Architects have long sought to design the minimum dwelling. It was the functionalist Congrès Internationaux d’Architecture Moderne (CIAM), which Le Corbusier commanded from inception in 1928, but which collapsed around its tenth congress between 1955 and 1959, that had most notably pursued an Existenzminimum for industrialised households. Establishing a ‘subsistence’ level of housing at a time of inter-war privation and political defeat seemed radical to avant-garde architects like the Czech Marxist Karel Tiege. He went further than many modernist leaders in looking at self-contained industrialised housing for the majority, but it was a popular design preoccupation.
When an estimated one billion squatters in the World’s rapidly growing megacities still lack even modest housing, it might seem enough to propose subsistence standards of development again. That may even be posed as an environmental virtue, when, in the developed world too, we struggle to afford plenty of living space. But it is not enough to preface Existenzminimum with ‘eco’. We all require better than basic, and the potential to mass-produce excellent housing has never been greater than it is today. Homes could be made like any other high performance consumer durable, and at economies of scale that reduce their cost. Housing might be produced for its use value, and designed to be consumed and replaced. Instead, housing is considered more as an exchange value in a speculative market, even when diminutive and dilapidated.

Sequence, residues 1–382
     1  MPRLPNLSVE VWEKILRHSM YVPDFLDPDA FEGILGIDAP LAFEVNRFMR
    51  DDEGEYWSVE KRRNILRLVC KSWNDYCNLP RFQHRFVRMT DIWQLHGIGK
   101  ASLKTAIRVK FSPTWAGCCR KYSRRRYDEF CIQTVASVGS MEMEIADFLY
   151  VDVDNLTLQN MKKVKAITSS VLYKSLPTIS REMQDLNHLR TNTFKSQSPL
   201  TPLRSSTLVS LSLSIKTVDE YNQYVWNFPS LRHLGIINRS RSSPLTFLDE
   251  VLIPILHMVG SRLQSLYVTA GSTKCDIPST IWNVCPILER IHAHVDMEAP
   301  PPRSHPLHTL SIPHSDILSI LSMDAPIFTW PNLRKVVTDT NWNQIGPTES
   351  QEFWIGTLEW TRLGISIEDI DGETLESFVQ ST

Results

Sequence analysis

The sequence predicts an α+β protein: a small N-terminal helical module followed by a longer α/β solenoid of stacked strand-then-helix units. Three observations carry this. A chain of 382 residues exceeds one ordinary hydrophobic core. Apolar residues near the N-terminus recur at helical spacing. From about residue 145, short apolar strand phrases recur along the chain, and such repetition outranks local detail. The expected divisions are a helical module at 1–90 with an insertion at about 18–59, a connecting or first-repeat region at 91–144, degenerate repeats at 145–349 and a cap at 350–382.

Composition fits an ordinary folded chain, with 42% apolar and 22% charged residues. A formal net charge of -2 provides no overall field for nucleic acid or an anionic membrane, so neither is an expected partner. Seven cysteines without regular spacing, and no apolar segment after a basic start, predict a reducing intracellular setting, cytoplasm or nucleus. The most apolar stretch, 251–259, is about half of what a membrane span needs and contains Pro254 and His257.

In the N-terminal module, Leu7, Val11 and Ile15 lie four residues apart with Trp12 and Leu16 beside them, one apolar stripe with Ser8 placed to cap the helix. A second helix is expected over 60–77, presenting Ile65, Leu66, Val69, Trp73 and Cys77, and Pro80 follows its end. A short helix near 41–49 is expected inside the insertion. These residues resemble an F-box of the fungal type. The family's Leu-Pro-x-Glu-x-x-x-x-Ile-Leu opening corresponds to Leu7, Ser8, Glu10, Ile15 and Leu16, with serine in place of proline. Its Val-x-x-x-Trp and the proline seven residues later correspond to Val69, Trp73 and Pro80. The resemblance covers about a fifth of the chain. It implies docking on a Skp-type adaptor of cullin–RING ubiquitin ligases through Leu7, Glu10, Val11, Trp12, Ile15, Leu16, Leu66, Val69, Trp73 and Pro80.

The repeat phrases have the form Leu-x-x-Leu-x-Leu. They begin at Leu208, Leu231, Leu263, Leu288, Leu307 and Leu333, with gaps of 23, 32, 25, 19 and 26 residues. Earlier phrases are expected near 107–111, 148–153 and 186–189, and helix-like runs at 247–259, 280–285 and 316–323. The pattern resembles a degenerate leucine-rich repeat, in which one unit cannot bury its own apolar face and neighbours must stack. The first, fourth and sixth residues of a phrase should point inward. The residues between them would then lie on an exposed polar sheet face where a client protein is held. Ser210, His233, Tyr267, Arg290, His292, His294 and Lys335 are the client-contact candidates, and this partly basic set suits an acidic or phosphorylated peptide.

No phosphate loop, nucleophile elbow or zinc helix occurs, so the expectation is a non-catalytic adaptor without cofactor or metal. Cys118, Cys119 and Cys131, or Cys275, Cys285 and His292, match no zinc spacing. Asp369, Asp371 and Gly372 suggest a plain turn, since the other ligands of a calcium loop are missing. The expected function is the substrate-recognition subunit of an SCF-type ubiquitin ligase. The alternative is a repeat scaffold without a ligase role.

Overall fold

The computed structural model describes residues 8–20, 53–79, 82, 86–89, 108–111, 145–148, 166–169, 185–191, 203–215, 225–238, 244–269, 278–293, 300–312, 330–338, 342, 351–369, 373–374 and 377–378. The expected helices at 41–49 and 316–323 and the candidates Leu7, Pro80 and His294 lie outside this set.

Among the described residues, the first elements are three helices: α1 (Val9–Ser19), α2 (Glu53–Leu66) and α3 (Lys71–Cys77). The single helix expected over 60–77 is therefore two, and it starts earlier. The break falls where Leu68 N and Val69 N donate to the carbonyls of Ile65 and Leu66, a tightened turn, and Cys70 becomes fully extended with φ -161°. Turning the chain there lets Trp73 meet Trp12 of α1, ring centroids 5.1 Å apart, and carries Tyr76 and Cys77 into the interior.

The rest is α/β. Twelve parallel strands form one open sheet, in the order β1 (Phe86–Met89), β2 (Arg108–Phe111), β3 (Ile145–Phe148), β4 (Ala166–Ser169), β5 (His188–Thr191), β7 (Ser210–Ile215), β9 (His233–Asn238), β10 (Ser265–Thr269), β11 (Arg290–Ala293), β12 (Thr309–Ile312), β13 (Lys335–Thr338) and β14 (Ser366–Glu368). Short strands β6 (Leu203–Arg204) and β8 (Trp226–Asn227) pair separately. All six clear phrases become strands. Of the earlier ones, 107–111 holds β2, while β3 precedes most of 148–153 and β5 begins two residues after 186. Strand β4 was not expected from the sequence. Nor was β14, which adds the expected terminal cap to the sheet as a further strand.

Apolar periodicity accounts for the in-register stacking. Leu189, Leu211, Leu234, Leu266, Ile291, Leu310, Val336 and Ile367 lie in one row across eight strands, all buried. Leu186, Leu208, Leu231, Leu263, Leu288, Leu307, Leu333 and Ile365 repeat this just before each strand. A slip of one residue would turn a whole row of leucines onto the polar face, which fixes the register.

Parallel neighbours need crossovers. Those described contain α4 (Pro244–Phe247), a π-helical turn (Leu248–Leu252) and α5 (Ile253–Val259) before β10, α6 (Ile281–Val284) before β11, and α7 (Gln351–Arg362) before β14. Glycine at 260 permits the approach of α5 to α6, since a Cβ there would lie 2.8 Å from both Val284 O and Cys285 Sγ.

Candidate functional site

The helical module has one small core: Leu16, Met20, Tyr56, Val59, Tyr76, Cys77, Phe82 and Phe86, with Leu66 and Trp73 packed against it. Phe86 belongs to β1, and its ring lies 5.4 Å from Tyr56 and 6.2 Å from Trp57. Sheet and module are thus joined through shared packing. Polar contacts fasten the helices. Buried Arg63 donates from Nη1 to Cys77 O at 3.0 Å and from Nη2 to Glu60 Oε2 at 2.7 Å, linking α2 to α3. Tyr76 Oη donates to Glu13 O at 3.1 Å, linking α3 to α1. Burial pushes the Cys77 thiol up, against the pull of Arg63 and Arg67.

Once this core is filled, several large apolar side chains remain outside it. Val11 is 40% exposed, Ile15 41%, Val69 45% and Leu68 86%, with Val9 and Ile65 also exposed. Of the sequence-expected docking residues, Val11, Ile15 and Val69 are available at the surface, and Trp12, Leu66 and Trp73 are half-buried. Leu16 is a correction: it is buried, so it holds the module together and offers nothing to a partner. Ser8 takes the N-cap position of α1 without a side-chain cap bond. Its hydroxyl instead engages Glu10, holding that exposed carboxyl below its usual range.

In Britain’s housing boom, consequent on so little housing being built, there is no minimum size for households to be compacted into, and much architectural talent is again focused on exquisitely designed and even manufacturable ‘Microflats’. Orange have one such product - designed by the masterful Richard Horden - the Micro-Compact Home. It is an aluminium cube of less than 7 square metres in area, and a gorgeous but expensive cell. However cheating on useable space without lowering cost is no housing strategy for a growing world population. By 2024 architects must address the harder question of how everyone might afford an upgradeable Macro-home. Or repeat the architectural tragedy of modernism as farce.
Ian Abley is coauthor of Why Is Construction So Backward? (buy this book from Amazon (UK) or Amazon (USA)) and coeditor of Manmade Modular Megastructures (buy this book from Amazon (UK) or Amazon (USA)). See his website.